Large trucks contribute a large share of emissions, especially when traveling at a slow crawl through heavy traffic. Bigazzi’s work explores ways to mitigate the effects of this traffic congestion on air quality.
Bigazzi presented two papers at the 54th Annual Transportation Research Forum, which took place March 21-23 in Annapolis. One of them, “The Emissions Benefits of Truck-Only Lane Management,” offers a better understanding of the impacts of congestion on heavy-duty vehicles.
After a question-and-answer exchange, he was invited to present the same research in Vietnam’s largest city.
Tags: alex bigazzi, apec, congestion, emissions, livability, miguel figliozzi, otrec, portland state university
OTREC has announced eight winners of the “Small Starts” grant program, which launched last December. These grants, made available through a new OTREC initiative, were intended to fund small projects related to transportation and community development. Any eligible professor at Portland State University, Oregon State University, the University of Oregon, or the Oregon Institute of Technology was invited to apply for a grant.
Priority was given to tenure-track faculty who are untenured, and faculty who have not received an OTREC grant in the past. The Small Starts program was conceived for the benefit of researchers who want the chance to undertake a small project that supports innovations in sustainable transportation through advanced technology, integration of land use and transportation, and healthy communities.
A total of $60,000 was available to be awarded; with no individual award larger than $10,000.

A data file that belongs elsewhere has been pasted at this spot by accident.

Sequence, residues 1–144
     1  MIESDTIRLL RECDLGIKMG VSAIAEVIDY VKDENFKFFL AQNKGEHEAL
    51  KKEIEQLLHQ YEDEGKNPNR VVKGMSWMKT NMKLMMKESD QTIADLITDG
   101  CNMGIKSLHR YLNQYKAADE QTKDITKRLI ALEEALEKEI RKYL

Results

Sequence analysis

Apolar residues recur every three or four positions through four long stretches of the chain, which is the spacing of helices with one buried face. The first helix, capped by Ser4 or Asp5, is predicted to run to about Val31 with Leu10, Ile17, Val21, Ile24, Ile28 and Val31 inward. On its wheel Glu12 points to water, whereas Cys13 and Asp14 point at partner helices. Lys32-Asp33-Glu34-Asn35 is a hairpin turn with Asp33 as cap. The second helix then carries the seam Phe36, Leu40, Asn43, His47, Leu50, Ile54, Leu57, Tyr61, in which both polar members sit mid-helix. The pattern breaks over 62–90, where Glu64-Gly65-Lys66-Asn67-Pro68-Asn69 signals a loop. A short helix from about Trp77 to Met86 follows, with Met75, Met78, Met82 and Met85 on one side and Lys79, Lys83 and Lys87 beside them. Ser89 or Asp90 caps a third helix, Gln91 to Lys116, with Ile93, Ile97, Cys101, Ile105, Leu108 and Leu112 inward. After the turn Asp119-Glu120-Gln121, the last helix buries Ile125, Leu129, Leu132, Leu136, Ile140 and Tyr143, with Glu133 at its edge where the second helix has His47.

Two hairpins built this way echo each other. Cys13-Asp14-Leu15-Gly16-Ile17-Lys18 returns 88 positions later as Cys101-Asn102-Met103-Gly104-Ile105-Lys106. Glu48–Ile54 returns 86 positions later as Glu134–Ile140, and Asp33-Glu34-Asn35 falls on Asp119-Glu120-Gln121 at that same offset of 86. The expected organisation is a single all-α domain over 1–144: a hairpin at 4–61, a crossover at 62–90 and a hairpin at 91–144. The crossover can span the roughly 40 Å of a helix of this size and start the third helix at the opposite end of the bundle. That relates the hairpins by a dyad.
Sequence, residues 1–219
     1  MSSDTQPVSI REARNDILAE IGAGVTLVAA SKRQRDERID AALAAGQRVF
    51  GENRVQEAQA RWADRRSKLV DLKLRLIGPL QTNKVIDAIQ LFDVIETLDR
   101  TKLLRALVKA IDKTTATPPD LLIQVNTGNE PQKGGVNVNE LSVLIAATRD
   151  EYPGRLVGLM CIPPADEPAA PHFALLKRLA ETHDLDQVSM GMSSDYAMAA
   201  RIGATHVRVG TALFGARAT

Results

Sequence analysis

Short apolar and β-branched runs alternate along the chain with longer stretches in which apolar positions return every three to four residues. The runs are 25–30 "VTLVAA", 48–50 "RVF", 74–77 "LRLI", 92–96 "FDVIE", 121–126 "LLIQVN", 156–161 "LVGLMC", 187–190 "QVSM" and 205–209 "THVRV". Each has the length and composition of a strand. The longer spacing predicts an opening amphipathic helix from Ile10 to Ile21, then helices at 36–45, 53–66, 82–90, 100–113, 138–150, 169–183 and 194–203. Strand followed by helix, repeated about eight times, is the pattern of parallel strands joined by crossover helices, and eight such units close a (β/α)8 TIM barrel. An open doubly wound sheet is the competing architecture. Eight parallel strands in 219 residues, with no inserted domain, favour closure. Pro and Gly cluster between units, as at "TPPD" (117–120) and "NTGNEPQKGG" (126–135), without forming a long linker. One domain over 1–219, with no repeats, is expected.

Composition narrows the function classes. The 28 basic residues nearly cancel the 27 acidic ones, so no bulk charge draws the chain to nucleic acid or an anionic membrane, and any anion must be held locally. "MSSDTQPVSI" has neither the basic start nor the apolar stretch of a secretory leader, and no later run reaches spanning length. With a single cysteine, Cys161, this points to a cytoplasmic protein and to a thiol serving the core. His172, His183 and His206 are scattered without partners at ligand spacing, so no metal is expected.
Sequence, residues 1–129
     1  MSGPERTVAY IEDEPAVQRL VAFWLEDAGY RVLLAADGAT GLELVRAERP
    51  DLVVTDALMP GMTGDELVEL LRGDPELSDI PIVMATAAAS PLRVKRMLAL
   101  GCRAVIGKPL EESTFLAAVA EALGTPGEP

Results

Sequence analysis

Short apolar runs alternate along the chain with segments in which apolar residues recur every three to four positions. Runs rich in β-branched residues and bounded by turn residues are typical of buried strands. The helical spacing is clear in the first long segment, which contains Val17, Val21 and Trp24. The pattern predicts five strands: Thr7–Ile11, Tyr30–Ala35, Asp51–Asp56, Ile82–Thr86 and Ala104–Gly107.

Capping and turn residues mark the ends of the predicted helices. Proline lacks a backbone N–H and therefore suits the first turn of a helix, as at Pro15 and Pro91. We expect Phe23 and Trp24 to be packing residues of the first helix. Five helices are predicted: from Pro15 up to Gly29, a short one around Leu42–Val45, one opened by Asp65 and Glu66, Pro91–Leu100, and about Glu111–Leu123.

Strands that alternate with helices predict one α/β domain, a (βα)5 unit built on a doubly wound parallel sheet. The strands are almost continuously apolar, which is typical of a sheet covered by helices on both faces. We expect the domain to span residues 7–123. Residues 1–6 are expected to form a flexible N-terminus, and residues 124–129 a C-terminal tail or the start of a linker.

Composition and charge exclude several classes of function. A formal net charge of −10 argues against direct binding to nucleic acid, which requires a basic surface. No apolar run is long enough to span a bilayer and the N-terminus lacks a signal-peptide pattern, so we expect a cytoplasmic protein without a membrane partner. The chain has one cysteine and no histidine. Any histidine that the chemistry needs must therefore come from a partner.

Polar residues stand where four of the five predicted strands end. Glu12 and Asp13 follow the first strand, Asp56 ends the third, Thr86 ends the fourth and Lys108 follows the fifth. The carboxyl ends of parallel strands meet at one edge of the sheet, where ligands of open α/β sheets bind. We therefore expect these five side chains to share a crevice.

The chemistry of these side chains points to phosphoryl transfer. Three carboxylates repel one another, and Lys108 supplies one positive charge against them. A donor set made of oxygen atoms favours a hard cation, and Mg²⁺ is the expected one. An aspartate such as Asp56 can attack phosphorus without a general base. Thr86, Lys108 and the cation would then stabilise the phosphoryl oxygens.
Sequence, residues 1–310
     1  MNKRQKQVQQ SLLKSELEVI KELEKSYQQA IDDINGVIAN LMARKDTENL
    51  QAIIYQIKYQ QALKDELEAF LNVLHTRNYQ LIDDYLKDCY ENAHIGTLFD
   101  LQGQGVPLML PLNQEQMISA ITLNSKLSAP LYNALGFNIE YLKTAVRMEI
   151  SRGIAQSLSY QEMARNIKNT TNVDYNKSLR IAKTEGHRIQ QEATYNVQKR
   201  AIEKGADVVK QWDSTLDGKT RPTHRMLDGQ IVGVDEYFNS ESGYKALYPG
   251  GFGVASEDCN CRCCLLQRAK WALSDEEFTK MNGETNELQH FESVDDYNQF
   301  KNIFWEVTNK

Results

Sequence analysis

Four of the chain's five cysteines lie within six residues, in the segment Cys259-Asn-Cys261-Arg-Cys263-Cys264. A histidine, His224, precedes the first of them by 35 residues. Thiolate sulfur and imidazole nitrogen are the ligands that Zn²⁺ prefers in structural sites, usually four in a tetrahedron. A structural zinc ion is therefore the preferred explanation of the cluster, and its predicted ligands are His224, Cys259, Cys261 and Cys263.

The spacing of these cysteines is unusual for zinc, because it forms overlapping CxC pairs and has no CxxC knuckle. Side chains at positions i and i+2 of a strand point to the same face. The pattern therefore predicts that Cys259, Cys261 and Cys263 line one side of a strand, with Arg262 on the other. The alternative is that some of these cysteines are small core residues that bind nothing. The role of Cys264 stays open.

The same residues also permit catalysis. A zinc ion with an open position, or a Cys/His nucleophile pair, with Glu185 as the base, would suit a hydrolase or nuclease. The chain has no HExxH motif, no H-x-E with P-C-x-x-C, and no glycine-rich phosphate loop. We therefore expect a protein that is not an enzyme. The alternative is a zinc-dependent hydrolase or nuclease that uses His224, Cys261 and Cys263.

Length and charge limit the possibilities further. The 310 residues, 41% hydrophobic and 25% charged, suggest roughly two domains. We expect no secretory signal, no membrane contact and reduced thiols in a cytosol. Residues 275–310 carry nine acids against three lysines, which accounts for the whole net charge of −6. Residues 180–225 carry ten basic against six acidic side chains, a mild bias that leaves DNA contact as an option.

Interested faculty turned in their proposals by January 31, 2013. Here are the winners:
Tags: drive oregon, livability, metro, oregon department of transportation, oregon institute of technology, oregon state university, otrec, portland state university, university of oregon
Oregon governors have had transportation advisers before. Lynn Peterson wants to be something different.
Peterson, an OTREC advisory board member and former Clackamas Board of County Commissioners chairwoman, joined Gov. John Kitzhaber’s administration in March as sustainable communities and transportation policy adviser.
“I’ve always been a transportation advocate,” Peterson said. “But we talked about the need to integrate transportation with housing and economic development and land use.
“By adding ‘sustainable communities’ to transportation adviser, we were basically saying, ‘Listen: as we move through the transportation discussion, we need to consider the health component, the housing component, the overlaps in other areas.’ “
Peterson brings a broad transportation policy background, having earned graduate degrees in both planning and engineering from Portland State University. She worked in transportation planning for both Metro and TriMet, as a transportation advocate for 1000 Friends of Oregon, and also served on the Lake Oswego City Council.
Peterson said she didn’t hesitate to step into a role that places her in the center of potentially contentious projects or between the governor and other agencies. She savors participating in the effort to bring high-speed rail to Oregon, for example.
“I see the opportunity to provide direction and potentially speed up the process,” Peterson said.
Tags: board of advisors, health impact assessments, john kitzhaber, livability, lynn peterson, oregon department of transportation